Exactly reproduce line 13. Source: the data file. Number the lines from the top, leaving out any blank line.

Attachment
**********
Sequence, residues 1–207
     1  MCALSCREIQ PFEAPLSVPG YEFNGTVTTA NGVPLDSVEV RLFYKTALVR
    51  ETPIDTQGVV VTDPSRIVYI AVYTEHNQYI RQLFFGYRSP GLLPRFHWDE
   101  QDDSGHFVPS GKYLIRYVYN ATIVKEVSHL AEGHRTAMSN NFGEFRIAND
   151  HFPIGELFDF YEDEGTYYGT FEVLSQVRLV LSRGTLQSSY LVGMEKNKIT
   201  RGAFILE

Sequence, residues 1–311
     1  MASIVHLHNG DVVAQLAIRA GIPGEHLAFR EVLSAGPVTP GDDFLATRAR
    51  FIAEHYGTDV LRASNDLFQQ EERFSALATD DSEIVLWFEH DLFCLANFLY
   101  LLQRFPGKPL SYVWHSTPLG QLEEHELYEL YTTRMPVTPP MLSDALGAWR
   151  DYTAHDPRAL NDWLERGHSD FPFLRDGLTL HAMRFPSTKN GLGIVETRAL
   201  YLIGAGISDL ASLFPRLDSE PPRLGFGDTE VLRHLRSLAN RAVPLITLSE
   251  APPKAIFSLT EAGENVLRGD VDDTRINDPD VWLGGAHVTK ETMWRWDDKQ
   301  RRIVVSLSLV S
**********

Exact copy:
   251  APPKAIFSLT EAGENVLRGD VDDTRINDPD VWLGGAHVTK ETMWRWDDKQ